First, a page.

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All The Peaks I'll Never Summit

The San Juans have a way of thwarting my plans. Three years ago, my friends and I failed to find Handies Peak, one of the easiest 14ers you can do. We ended up roaming around the Alpine Loop with all the people on OHVs looking at us like we were crazy for hiking there. The year after, I almost failed again because I went around the wrong side of the Alpine Loop and took many more hours to reach the Handies trailhead than I should have. Fortunately, the weather cooperated and I was able to summit Handies even with the late start.

But that drive gave me experience getting over Engineer Pass, one of the most terrifying 4x4 roads in Colorado. And that previous experience was the only reason I dared attempt it again last month, as demolished as it was because of the monsoon rains. There were two spots I had to stop, breathe deeply, slow my heartbeat, and try a few different angles to get over the rocks in my amateur-rank SUV, but I made it.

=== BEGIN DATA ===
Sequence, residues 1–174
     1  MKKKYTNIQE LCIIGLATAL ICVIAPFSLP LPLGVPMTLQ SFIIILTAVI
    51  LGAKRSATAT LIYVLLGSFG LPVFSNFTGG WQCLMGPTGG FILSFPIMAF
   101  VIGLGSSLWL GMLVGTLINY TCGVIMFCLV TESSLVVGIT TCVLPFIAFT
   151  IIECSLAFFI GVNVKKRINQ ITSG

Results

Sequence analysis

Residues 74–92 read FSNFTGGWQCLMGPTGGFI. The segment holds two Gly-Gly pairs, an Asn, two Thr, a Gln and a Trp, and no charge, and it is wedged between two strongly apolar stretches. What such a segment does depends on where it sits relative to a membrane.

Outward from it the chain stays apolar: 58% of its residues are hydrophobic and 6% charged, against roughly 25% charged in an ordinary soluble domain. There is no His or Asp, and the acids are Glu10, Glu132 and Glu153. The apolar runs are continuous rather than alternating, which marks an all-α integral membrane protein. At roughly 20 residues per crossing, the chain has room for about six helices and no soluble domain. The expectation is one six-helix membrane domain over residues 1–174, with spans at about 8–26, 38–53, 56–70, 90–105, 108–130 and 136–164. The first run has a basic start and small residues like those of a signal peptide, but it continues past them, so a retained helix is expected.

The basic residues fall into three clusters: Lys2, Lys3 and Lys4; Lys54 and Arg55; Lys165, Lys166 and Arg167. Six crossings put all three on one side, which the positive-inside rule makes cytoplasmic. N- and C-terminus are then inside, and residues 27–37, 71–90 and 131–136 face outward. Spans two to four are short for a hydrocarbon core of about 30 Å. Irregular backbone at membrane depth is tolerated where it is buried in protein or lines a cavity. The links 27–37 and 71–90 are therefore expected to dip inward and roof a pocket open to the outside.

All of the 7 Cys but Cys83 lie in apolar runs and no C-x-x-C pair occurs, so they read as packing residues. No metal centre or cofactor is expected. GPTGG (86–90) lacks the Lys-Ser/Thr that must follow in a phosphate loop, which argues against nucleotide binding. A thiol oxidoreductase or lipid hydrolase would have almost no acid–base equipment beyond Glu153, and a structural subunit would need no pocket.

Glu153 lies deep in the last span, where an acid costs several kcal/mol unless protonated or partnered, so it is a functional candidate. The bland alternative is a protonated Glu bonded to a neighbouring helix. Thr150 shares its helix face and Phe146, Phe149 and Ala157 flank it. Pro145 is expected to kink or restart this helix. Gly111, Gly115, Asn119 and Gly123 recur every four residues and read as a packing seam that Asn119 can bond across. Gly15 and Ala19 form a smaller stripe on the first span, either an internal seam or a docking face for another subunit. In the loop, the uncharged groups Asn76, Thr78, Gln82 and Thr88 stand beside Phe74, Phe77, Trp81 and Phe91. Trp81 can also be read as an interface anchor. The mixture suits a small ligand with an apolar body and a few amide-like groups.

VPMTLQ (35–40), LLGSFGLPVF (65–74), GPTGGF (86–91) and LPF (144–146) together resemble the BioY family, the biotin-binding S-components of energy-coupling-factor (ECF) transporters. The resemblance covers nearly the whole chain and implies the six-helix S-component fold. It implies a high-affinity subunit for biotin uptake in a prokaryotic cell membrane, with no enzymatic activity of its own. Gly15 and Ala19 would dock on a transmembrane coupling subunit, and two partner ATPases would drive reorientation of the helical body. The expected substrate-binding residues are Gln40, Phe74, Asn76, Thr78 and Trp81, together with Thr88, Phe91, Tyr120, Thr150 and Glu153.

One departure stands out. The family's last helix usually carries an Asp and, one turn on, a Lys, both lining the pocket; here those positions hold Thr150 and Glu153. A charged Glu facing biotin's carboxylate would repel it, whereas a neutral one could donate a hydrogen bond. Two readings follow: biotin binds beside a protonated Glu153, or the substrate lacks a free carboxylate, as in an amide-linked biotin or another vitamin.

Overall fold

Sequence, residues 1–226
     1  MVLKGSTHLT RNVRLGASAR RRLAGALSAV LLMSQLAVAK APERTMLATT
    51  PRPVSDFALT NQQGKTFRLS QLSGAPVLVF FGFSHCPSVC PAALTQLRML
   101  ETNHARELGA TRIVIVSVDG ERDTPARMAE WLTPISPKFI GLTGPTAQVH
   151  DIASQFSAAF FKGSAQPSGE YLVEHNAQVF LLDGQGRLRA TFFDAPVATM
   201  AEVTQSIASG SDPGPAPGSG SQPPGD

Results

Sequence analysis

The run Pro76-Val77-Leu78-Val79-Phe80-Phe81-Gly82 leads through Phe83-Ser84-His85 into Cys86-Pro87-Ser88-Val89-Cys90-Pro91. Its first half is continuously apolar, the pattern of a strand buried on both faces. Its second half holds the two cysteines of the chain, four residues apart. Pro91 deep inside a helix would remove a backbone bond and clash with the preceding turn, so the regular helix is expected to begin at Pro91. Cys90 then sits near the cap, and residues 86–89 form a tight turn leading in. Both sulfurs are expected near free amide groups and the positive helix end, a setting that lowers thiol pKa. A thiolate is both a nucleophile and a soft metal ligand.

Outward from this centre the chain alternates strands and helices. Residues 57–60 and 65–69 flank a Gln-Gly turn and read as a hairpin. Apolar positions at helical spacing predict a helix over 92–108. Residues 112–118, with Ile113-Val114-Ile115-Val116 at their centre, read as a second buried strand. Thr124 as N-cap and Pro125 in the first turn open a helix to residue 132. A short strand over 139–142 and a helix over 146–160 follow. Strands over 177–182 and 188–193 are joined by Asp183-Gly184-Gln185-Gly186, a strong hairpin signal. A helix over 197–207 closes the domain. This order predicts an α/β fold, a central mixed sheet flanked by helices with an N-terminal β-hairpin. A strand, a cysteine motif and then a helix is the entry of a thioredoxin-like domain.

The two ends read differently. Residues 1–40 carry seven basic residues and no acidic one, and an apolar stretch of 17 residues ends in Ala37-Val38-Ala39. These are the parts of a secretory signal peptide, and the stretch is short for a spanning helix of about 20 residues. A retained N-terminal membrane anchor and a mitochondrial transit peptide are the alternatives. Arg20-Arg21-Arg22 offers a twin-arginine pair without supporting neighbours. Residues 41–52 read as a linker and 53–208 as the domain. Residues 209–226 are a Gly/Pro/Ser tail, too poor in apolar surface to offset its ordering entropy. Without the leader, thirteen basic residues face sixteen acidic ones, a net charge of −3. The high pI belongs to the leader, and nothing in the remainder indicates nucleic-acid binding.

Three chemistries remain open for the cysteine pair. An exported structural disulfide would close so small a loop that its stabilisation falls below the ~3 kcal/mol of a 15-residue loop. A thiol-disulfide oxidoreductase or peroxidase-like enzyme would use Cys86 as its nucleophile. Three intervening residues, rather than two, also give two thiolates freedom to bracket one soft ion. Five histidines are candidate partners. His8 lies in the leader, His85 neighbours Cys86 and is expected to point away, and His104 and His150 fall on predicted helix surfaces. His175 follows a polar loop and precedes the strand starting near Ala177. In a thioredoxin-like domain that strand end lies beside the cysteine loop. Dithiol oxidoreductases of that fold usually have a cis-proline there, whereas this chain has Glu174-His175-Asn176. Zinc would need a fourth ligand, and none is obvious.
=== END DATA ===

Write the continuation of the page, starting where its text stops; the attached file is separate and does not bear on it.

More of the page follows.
I had to, otherwise I wouldn't have been able to get to the Uncompahgre trailhead that night, and another San Juan 14er would have slipped from my grasp.

woman on top of a mountain holding a sign with the mountain name

But many of the other peaks down here are beyond me. For example, while Windom is a do-able Class 2 hike, you have to take a train and backpack in and stay overnight to do it. Eolus, Sunlight, Wetterhorn, El Diente, and Wilson are all beyond my skill level. That's not to say I couldn't learn the climbing skills necessary to summit then, but I won't. Time on this earth is limited. We can't do all the activities. Besides, climbing would frustrate me - so little gain over so much time. I like to keep moving forward. So, I have to settle for admiring these peaks from some of the beautiful hikes that stop at lower elevations.

But then, most unexpectedly, Redcloud and Sunshine tried to best me as well. For as much hiking as I do, I'm never as smart as I think I am. This is a nice two-fer of Class 2 hikes that should be easily do-able...unless you follow a non-existent trail downloaded from AllTrails and go the wrong way up the peak, getting yourself in a seriously dicey situation that you need to bail from. Yeah, that. 

woman on the side of a mountain

two women at a trailhead sticking out their tongues and holding an upside down sign

The San Juan Mountains are no joke. You've got to pay attention and be on top of your game down here, and know when to give up. But they are the most beautiful part of Colorado, and almost the most beautiful mountains in the world. So work on your off-roading skills and your wayfinding skills and get on down here. And if you fail, try, try again.
three people and a dog on a mountain top

three people and a dog on a mountain top